Summary of Findings

Public concern over Iran’s nuclear program has risen dramatically in the past few months. Today, 27% of Americans cite Iran as the country that represents the greatest danger to the United States. In October, just 9% pointed to Iran as the biggest danger to the U.S., while there was far more concern over Iraq, China and North Korea. Nearly two-thirds (65%) believe that Iran’s nuclear program is a major threat to the U.S., placing it on par with North Korea’s nuclear program, and far ahead of China’s emerging power among possible threats to the United States.

Overwhelming numbers believe that if Iran were to develop nuclear weapons it would likely launch attacks on Israel (72%), and the U.S. or Europe (66%). There is even greater agreement that a nuclear-armed Iran would be likely to provide nuclear weapons to terrorists (82%).

The public is clearer in its view of the potential threat posed by Iran than in what to do about it. More Americans worry that we will wait too long than act too quickly in dealing with Iran’s nuclear problem. However, far more Americans say the United Nations or the European Union ­ rather than the U.S. ­ should take the lead in dealing with the crisis.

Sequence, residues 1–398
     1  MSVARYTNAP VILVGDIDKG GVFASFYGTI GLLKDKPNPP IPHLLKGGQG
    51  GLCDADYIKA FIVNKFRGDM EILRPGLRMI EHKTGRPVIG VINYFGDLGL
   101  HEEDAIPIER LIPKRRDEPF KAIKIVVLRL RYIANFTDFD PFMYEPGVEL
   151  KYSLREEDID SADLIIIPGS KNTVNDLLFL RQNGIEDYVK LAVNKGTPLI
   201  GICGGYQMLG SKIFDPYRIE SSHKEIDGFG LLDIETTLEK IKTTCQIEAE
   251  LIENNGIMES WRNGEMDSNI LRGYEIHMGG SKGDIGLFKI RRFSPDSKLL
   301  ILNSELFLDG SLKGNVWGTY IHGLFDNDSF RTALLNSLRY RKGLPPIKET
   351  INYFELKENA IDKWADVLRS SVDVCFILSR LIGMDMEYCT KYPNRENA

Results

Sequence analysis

The latest national survey by the Pew Research Center for the People & the Press, conducted Feb. 1-5 among 1,502 Americans, finds that President Bush received no bounce from his Jan. 31 State of the Union address. Bush’s approval rating stands at 40% ­ largely unchanged over the past month. Interest in Bush’s speech was fairly modest ­ about as many paid very close attention to the recent layoffs at the Ford Motor Co. (25%) as to the State of the Union (24%). The public continues to take a mixed view of Bush’s performance on issues ­ generally positive on terrorism (53% approval) but negative on virtually every domestic issue. In two key areas, health care and the deficit, Bush’s ratings have declined markedly over the past year, to below 30% on each issue.